view of Bath Iron Works from Museum


After taking lots of photos (Maine and the coast is so photogenic especially in the morning and late afternoon with that special light you only find by the water) we had a late lunch at the Museum, trying their delicious and fresh lobster (as they say here "wicked good, Maine lobstah!") rolls, before leaving for Brunswick, our next stop for the night. We had been there before but had decided to stay an extra 24 hours in the US to be able to maximize our duty-free allowance. I highly and enthusiastically recommend a visit to Bath and this area to anyone who wants to get that "down home Maine" hospitality.  gws

Miss Lobstertrap, 2014

Marie and lobsterboats

me and capstan
 Maine Maritime Museum, Bath

Marie & Moose, Brunswick, Maine


Sunday, September 14, 2014

Sebasco Harbor Resort, Maine


Chain of Ponds Lake, Maine, 30 minutes from home, 8am
Marie and I spent a wonderful time last week at the Sebasco Harbor Resort, in Sebasco Estates, Maine. It was a beautiful morning when we left home, crossing the US border at Coburn Gore and following route 27 past the Chain of Ponds Lake, through Farmington, and on towards Augusta. Sebasco  Resort is on the Phippsburg Peninsula, a half an hour drive south from Bath, and was originally a playground for the rich and famous in its heyday of the 30s and 40s. It hasn't seemed to have changed much over the past 80 years and still keeps it's pure Maine charm : boat cruises aboard the old Ruth, canoeing and kayaking, tennis and golf, hiking trails and great food. We mostly had the place to ourselves what with school back in and summer almost over but the weather was warm and sunny - a typical early September day by the Atlantic. We swam in their huge salt water swimming pool, played croquet, canoed on Wattuh Lake with the gulls and Canada geese, hiked up through a pine forest to Mount Merritt for a great view of the Resort and harbor and watched the sun set from the Pilot House restaurant. When we left the next morning we headed to Bath for the day to explore the "city of ships" on the Kennebec River....gws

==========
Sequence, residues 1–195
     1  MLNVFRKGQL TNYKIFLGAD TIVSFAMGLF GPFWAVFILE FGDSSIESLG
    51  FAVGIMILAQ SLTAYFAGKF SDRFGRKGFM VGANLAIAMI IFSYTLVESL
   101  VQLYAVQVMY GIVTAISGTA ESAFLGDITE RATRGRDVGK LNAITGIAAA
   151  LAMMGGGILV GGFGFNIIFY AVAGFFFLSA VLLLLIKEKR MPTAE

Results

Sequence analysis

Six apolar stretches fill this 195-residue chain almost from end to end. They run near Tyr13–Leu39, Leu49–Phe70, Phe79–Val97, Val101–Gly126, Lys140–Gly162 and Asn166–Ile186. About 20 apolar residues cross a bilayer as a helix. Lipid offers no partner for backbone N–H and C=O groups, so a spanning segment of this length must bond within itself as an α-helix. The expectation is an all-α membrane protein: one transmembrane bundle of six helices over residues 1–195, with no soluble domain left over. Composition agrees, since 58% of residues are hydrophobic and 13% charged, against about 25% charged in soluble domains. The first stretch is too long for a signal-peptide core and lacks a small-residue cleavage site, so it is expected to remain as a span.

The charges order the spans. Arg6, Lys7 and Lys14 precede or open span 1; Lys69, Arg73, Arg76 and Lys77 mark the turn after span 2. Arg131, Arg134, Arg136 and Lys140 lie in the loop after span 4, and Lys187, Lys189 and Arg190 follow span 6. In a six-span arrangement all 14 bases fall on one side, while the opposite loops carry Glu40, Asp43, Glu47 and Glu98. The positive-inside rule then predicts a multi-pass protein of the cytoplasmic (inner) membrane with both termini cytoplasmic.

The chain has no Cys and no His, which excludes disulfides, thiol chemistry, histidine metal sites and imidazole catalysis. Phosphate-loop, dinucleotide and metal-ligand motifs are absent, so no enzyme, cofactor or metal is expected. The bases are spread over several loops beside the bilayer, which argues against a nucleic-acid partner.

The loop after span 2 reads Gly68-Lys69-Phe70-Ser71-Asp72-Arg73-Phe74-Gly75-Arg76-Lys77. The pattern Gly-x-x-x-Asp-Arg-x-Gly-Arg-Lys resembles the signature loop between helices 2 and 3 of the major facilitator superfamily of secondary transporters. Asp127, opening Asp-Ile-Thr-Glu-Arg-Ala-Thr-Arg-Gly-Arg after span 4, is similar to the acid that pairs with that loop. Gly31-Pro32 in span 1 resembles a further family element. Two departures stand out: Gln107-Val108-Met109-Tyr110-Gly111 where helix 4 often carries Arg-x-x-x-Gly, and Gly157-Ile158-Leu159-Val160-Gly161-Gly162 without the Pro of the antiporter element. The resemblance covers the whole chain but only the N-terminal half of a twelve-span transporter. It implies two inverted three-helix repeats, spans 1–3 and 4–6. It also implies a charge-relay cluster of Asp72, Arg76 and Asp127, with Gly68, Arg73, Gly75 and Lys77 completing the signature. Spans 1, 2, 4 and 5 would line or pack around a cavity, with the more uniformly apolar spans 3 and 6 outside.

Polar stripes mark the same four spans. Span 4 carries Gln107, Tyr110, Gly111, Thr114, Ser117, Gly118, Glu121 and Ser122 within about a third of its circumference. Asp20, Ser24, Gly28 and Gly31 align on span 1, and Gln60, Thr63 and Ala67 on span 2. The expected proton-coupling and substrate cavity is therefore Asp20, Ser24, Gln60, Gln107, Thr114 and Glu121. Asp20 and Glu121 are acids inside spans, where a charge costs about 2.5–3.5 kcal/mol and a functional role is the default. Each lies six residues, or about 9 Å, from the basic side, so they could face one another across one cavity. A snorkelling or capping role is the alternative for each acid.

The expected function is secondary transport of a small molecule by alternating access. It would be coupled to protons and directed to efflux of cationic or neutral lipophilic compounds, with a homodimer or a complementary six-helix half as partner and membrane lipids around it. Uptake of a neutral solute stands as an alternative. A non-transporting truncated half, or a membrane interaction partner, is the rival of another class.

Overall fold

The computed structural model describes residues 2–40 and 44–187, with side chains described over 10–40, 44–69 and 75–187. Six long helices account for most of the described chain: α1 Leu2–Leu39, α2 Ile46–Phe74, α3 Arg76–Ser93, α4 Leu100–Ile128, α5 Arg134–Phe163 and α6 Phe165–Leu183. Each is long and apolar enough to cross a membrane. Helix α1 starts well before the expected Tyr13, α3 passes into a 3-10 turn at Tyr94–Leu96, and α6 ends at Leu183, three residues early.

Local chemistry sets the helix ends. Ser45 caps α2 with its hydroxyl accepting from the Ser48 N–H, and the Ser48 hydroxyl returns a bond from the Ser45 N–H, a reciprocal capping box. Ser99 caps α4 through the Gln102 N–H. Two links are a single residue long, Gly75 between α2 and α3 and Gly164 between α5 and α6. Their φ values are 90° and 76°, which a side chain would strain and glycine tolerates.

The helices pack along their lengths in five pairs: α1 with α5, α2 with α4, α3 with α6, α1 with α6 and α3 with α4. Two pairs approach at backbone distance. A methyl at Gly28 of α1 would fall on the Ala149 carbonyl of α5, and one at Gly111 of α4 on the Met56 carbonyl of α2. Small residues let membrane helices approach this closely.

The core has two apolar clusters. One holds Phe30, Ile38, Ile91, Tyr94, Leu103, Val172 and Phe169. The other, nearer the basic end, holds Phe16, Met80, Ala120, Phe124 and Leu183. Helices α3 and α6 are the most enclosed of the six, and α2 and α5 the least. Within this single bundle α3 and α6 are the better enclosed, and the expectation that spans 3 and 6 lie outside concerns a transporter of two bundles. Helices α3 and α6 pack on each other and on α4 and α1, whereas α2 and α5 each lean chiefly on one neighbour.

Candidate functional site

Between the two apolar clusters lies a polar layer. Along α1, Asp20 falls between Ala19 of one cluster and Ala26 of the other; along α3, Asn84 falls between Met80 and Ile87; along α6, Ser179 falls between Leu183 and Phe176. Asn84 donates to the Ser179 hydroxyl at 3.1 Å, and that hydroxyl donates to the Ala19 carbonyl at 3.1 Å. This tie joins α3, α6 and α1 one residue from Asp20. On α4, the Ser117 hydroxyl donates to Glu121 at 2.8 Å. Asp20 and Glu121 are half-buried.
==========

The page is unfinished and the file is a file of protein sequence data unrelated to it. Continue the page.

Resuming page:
our room

outside the lodge

lunch on the patio, Ledges Pub

Beautiful pool (73 degrees) warmed only by the sun

view from the pool

Marie on jetty, with lighthouse

Canoeing, Wattuh Lake, Sebasco Harbor Resort

Poster from 1961

view of Resort from above

Merritt Mountain, view of Resort

Sunset from Pilot House Restaurant and the "Ruth"

Grilled water salad

Fresh local oysters

Marie, jetty and boats

Next morning, off to Bath!